Does “daylight savings time” save energy? Does it save money? Does it save lives? Does getting up when the sun is lower in the morning sky mean you have more time before you go to bed at night?
“One hundred years ago when they first proposed this, they said it was about saving energy,” said Michael Downing, author of “Spring Forward: The Annual Madness of Daylight Saving Time. This has never been realized no matter how many times they say it.”
A University of California study has shown that DST doesn’t save anyone any money at all. In fact, it’s costing consumers extra, to the tune of $3.19 in extra utility bills per year. The study was made possible because of the peculiarities of the state of Indiana, which was only partially on DST until 2006. When the whole state finally went DST (to sync with the national business day), some comparisons vs. the prior method were made apparent. The study calculated that the shift costs Indiana residents an extra $8.6 million in electricity bills in total.
If the justification for DST has always been energy savings, why isn’t ‘saving daylight’ burning fewer light bulbs and saving energy? Continue reading “Daylight Savings Time Is A Waste” »
The residents of Anna Maria Island joined the rest of the country in feeling huge relief that the elections held on November 6 had finally come to pass. For weeks, as they were bombarded by coverage of the national elections, they also witnessed aggressive campaigns on the local level.
In Holmes Beach, the issue of large rental duplexes and their multiple impacts on neighboring residents spurred three challengers to run for the position of mayor and the two available seats on the city commission. City meetings leading up to the election sometimes erupted into angry confrontations involving members of the sitting commission, challengers, and various members of the public who were concerned about how to handle the proliferation of large duplexes without infringing on property rights.
The argument for supporting the challengers was that the incumbents had taken far too long to discourage the building of large rental duplexes, which many feel are ruining the character of the island. The argument in favor of the incumbents was that they were working skillfully within a lot of very demanding state-level requirements, and were in the process of achieving a lot, if only they could be allowed to continue. The implication was that the new people may have had good intentions, but their lack of experience and lack of connections would ultimately delay good solutions for these issues. There were additional concerns, by some, that the challengers might not respect the rights of developers and property owners as they try to limit further large rental properties from having such a great impact on others.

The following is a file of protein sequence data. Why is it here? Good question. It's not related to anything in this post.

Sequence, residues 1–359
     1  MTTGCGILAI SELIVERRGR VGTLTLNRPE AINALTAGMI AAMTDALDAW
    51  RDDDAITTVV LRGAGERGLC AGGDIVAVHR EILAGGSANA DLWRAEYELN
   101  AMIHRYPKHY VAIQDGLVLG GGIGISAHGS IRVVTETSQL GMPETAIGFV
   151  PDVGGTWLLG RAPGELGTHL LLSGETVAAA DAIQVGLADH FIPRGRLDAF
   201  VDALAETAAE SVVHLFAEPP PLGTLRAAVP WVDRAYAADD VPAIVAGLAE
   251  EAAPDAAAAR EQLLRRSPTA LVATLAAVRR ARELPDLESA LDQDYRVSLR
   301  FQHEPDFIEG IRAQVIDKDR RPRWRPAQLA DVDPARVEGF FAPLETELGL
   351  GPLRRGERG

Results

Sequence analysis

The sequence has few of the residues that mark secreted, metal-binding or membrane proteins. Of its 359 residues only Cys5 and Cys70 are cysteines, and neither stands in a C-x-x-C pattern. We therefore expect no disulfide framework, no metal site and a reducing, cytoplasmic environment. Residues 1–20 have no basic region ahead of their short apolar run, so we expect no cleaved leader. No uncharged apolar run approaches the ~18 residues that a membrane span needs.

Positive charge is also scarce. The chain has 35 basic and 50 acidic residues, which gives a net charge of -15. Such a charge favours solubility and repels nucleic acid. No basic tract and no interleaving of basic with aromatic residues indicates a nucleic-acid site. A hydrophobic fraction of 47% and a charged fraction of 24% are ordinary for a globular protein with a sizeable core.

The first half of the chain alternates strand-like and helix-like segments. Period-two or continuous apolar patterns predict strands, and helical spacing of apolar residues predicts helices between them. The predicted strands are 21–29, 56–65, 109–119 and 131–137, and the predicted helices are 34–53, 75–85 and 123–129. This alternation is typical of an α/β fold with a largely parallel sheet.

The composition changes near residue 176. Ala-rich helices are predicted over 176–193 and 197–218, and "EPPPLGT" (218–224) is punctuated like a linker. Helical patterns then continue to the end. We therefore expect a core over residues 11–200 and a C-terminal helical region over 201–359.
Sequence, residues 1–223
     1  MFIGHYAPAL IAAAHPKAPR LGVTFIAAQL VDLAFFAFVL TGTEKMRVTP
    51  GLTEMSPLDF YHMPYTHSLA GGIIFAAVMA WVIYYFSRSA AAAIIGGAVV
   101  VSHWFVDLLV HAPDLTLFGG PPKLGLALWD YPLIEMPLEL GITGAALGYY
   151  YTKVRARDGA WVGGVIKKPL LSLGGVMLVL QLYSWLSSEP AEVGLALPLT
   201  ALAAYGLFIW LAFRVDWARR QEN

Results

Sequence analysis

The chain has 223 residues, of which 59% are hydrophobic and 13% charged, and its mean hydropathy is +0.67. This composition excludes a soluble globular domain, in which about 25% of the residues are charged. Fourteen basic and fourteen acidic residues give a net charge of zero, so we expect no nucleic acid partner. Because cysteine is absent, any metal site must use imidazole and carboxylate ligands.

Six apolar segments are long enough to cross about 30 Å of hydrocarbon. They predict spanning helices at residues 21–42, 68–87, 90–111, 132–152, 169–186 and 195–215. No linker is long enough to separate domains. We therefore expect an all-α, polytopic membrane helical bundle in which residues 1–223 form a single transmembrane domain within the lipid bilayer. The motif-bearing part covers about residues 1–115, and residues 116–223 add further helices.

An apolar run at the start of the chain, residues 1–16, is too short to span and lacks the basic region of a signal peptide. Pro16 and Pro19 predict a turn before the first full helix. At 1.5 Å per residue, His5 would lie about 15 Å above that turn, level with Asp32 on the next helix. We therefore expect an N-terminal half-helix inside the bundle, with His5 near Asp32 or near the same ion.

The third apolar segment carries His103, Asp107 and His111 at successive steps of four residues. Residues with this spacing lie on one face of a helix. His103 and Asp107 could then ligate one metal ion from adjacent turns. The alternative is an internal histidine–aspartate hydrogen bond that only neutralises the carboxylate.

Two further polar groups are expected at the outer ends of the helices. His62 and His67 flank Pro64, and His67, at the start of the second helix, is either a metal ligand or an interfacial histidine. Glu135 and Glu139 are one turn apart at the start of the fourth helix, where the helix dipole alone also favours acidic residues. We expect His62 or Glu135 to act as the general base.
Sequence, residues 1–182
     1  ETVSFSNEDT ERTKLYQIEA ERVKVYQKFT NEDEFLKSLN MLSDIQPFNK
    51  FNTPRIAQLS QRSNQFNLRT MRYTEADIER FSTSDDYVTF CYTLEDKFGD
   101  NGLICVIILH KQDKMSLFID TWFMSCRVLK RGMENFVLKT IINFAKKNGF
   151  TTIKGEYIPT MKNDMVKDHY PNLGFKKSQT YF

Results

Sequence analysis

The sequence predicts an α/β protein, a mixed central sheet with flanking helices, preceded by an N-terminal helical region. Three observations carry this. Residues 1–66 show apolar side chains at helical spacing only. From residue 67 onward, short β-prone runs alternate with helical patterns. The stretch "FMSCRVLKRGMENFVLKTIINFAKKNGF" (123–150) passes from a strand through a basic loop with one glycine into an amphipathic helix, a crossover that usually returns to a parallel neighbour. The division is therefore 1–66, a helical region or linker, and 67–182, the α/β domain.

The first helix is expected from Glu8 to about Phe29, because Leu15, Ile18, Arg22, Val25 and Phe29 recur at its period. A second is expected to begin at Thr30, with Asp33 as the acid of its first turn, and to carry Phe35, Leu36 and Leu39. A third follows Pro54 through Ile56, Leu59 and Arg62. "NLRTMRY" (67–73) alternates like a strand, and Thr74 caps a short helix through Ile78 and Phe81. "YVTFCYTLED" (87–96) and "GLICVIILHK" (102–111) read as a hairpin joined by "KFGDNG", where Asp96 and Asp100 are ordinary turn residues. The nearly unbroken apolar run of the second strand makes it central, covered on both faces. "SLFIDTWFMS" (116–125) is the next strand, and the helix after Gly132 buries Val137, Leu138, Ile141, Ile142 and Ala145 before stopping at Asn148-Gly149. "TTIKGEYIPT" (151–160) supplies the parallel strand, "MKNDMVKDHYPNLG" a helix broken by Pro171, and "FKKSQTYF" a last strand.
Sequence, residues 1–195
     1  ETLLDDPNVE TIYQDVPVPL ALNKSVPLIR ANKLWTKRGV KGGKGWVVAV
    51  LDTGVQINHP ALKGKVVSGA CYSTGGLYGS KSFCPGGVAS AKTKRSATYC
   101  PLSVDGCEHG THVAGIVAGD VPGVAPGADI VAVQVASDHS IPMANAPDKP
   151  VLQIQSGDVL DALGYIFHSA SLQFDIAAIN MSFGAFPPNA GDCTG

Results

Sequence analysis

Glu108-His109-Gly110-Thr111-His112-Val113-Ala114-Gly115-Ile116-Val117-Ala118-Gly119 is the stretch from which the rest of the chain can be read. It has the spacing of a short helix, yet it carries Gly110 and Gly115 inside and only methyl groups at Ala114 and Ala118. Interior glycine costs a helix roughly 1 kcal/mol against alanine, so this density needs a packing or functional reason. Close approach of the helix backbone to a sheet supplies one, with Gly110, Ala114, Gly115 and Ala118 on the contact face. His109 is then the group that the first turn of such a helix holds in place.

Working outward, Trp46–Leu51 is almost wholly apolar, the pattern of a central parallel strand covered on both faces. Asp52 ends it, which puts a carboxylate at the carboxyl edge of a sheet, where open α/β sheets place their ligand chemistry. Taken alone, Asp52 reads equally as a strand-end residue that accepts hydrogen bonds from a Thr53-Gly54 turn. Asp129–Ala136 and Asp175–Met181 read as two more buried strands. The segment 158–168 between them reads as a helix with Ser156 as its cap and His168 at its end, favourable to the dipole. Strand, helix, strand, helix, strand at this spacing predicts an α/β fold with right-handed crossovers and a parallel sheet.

Continue reading “Anna Maria Island Political Results” »
Holmes Beach tried to enforce the ban on fireworks for this holiday weekend. Well not all, just illegal fireworks. So what is the difference?
Florida State law allows only hand-held and ground-based sparkler fireworks. It is illegal to set off fireworks that explode or are propelled into the air.
Many fireworks are brought in illicitly from neighboring states. The result is that a lot of illegal fireworks are lit, especially for July 4th weekend.
Enforcement of the law has been lax and many people flaunt it.
Continue reading “Are Fireworks Essential To Independence Day?” »
In another episode of the continuing non-reality show of “Let’s see what FEMA rules are today”, letters from the Federal Emergency Management Agency to the local island cities offices announced that buildings “having the lowest floor one foot or more below the base flood elevation will no longer be eligible for the CRS discount.”
The Community Rating System is a method of assessing cities’ overall exposure to flood damage loss. By installing adequate drainage systems and enforcing building codes to mitigate flood damage, communities can be eligible for a 5 – 45% discount for residents’ flood insurance premiums.
FEMA’s new edict beginning May 1st excludes specific properties “at high risk” and “not compliant” in the “Special Flood Hazard Area” from getting the community discount. A homeowner will discover if he is excluded when their flood insurance policy comes up for renewal – the policy will have a small zero in the CRS discount box.
Continue reading “FEMA Rules ReRule” »
City of Holmes Beach commissioners presented their first reading of a draft new ordinance related to building code and permitting in the city’s floodplain.
The 31-page ordinance is the result of FEMA, (We’re Here To Help You), having questions about code implementation and compliance with current standards.
On February 12th, the city commissioners put a moratorium on new building permits until a new regulations could be researched and analyzed. The March 25th meeting brought to light the draft reading.
The new regulations are expected to improve ranking with the National Flood Insurance Program system, which provides discounts for cities that participate in the government’s flood insurance program.
Continue reading “FEMA Rules On Floodplain Insurance” »